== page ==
"This was such an unexpected turn that it was only answered by a peal of laughter and they all paid due respect to the jug...

"After drinking says Parley 'I have traveled these streets all times of the night and never before have I saw a police man but now I know where to find them hereafter' alluding to the jug.

"'Parley' says I 'do you not know that some things in this kingdom are only spiritually discerned and so with the police.'" (On The Mormon Frontier, The Diary of Hosea Stout, 1844-1861, Vol. 1, p. 259)
All of the early Mormon Apostles seem to have used alcoholic beverages after the Word of Wisdom was given. Joseph Smith made the following statement concerning an incident that happened in 1840: "April 17.--This day the Twelve blessed and drank a bottle of wine at Penworthan, made by Mother Moon forty years before." (History of the Church, Vol. 4, page 120) Under the date of April 12, 1845, Hosea Stout recorded in his diary that he attended "a feast of beer and cakes prepared by the old police. The Old police and wives and some of the Twelve were present We had a joyful time as much cakes and beer as we could eat and drink..." (On The Mormon Frontier, The Diary of Hosea Stout, v. 1, p. 34) On July 1, 1845, Hosea Stout recorded:
"This day there was a grand concert...we had also the 12 and other authorities with us, and was also provided with as much beer, wine, cakes andc as we could eat and drink." (Ibid., page 50)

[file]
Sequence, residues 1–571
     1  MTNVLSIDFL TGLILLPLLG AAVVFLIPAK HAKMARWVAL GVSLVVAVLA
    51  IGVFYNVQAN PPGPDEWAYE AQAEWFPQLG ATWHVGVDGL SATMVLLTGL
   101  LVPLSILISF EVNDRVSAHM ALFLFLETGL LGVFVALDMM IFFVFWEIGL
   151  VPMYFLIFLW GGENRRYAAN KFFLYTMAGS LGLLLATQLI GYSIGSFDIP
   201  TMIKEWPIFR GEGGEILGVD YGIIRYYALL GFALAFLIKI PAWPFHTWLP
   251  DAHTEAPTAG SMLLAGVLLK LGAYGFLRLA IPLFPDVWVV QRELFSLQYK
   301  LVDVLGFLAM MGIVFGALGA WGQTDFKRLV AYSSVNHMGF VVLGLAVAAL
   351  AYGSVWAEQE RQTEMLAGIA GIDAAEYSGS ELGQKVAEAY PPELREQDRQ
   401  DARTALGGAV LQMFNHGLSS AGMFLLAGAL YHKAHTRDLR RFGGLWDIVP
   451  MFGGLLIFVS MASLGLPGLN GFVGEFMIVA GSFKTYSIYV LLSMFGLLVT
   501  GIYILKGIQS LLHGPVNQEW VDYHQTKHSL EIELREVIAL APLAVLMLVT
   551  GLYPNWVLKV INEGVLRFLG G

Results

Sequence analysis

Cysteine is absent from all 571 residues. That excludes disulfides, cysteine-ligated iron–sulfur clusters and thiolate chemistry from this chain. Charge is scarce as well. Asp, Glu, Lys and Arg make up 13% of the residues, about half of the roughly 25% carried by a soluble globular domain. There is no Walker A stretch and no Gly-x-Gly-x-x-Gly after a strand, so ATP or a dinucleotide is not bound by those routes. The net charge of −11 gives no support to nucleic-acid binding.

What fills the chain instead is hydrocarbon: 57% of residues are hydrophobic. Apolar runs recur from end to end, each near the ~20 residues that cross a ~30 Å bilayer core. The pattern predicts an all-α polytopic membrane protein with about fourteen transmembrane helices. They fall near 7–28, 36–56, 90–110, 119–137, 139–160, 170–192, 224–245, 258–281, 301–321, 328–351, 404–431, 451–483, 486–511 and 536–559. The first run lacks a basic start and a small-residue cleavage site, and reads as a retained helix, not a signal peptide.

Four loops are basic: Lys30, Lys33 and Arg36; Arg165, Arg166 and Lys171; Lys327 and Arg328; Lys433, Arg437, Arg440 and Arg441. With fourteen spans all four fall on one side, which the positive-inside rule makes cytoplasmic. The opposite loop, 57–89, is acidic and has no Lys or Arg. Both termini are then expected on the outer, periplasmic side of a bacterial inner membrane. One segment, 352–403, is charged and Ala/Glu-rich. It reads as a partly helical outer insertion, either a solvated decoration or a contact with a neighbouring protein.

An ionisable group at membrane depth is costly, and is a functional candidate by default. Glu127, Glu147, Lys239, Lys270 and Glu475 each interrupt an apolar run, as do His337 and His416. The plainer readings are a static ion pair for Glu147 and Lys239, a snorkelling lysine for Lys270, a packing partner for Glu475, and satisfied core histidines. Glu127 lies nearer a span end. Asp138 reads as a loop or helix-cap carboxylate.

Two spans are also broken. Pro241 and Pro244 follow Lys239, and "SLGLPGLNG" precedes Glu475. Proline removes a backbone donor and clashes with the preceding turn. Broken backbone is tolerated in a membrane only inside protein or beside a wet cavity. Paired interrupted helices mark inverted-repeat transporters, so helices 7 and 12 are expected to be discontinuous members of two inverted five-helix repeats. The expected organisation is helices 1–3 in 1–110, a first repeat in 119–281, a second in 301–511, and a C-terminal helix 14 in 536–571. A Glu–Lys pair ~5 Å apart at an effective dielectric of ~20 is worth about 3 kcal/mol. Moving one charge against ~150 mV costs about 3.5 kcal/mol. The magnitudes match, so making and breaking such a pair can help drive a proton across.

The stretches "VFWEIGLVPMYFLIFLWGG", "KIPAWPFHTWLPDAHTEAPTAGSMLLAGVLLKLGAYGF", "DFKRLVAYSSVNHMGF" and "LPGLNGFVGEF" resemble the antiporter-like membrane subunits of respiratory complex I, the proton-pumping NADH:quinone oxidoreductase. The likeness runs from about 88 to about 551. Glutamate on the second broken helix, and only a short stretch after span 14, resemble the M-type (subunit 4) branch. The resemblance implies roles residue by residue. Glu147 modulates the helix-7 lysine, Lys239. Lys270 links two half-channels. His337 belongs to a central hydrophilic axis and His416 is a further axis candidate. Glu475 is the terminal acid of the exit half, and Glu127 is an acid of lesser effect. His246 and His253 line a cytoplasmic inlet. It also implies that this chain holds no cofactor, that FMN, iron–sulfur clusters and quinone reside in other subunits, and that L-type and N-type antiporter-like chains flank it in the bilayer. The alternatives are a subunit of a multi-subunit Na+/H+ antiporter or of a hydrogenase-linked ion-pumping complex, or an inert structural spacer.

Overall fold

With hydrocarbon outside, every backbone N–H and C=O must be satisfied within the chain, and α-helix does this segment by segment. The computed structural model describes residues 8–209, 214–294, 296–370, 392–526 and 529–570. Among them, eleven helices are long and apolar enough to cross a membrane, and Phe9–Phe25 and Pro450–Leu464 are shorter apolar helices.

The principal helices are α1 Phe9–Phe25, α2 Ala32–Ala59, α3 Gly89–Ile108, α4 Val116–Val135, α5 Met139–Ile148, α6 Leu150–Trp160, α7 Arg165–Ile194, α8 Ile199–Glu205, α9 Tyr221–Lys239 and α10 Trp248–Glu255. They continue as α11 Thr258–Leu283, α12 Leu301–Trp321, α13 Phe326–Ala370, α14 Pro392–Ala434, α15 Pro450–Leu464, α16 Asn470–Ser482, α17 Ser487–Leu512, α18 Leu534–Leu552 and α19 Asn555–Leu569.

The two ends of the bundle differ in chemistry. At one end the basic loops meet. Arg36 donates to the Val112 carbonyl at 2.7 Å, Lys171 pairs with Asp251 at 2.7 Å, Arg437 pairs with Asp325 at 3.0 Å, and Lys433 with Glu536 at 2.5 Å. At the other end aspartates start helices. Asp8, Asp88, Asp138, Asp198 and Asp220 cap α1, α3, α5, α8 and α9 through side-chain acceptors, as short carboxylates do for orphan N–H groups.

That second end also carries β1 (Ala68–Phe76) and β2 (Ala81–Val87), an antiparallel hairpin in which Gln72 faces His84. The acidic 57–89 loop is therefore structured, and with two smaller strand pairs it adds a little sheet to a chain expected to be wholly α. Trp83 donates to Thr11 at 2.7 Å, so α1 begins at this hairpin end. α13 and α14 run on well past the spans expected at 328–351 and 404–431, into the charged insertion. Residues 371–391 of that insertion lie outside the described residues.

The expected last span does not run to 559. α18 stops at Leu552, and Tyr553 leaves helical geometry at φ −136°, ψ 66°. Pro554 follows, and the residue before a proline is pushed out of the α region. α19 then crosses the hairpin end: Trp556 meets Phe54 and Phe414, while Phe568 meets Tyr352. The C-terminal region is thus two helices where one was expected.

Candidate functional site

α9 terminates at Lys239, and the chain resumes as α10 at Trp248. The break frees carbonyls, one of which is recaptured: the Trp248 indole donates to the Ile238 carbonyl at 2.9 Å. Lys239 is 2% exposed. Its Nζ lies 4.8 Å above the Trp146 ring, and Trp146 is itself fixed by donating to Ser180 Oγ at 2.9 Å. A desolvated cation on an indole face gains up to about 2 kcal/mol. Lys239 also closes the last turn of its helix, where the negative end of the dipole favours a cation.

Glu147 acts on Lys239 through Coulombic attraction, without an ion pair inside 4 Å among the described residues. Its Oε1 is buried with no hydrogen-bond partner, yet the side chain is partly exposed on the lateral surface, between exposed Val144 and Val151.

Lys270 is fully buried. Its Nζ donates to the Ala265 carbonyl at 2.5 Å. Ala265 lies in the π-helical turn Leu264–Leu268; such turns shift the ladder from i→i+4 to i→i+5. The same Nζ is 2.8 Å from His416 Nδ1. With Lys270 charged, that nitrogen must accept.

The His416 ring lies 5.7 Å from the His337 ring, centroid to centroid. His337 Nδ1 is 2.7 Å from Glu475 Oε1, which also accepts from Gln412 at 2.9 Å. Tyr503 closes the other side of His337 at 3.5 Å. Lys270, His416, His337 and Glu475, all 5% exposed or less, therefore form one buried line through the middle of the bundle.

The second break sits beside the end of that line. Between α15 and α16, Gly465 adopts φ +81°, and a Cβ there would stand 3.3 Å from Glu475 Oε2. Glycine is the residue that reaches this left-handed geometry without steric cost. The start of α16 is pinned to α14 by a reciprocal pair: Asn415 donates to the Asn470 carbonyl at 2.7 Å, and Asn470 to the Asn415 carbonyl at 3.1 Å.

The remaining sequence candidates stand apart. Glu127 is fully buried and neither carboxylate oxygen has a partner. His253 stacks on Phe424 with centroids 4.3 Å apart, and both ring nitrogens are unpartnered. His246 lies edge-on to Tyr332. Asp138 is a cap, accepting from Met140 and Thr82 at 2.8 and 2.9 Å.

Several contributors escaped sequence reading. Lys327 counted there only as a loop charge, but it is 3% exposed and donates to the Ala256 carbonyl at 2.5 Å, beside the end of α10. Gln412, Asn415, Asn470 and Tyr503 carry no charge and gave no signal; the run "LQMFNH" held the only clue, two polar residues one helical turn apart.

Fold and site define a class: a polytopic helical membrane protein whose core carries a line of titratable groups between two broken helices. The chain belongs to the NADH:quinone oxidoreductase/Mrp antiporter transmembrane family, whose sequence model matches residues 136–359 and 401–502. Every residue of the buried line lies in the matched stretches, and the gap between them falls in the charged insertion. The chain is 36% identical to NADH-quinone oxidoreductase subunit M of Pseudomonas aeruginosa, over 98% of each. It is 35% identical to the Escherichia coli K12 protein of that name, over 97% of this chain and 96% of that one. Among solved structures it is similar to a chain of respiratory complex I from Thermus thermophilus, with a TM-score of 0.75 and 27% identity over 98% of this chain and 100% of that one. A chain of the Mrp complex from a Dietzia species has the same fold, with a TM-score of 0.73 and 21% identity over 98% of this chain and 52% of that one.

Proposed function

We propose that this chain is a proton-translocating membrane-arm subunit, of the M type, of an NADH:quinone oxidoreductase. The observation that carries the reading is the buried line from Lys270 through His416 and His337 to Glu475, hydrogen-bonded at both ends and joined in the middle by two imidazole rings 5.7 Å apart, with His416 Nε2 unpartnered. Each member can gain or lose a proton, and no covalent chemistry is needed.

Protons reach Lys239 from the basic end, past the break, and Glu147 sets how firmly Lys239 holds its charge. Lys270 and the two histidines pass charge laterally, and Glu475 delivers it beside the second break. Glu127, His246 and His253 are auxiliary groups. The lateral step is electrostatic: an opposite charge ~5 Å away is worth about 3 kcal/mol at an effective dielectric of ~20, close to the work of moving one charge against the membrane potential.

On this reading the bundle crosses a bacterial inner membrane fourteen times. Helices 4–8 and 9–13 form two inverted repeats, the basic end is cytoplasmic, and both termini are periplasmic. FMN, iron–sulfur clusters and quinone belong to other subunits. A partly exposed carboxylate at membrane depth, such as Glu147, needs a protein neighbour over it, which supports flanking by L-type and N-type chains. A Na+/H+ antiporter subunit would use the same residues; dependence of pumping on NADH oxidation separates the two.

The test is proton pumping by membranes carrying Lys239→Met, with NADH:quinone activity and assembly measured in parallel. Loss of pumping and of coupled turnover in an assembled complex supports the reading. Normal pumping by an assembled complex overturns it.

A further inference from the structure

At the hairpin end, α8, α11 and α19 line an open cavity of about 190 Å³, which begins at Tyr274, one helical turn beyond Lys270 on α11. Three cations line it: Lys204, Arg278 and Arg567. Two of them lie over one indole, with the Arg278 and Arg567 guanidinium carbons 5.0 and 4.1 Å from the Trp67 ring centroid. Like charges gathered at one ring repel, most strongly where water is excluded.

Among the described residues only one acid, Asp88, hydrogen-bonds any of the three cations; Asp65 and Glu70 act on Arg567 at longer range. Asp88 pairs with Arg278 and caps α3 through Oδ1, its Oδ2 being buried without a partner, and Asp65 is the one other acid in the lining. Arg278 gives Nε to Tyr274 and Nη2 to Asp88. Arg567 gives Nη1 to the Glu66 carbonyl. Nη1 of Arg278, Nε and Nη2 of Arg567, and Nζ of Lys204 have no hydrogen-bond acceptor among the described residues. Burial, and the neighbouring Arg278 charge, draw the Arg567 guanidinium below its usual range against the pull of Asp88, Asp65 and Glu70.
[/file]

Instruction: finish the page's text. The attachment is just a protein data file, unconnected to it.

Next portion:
While Joseph Smith and other authorities in the Mormon Church did not observe the Word of Wisdom, others felt that it should be a strict rule for the Church. In the minutes of a Conference held at Far West in 1837 the following statement is found: "The congregation, after a few remarks from Sidney Rigdon, unanimously voted not to support stores and shops selling spirituous liquors, tea, coffee, or tobacco." (History of the Church, Vol. 2, page 524) It is interesting to note that when Joseph Smith opened his store in Nauvoo, it was supplied "with sugar, molasses, glass, salt, tea, coffee andc., purchased in St. Louis." (History of the Church, Vol. 4, page 483) In spite of the vote taken at Far West, not to patronize any store selling these items, Joseph Smith seems to have had a thriving business. It appears that Joseph Smith's own home was supplied with tea and coffee. George A. Smith related the following: "...a certain family,...arrived in Kirtland, and the Prophet asked them to stop with him... Sister Emma,in the mean time, asked the old lady if she would have a cup of tea...or a cup of coffee. This whole family apostatized because they were invited to take a cup of tea or coffee, after the Word of Wisdom was given." (Journal of Discourses, Vol. 2, page 214)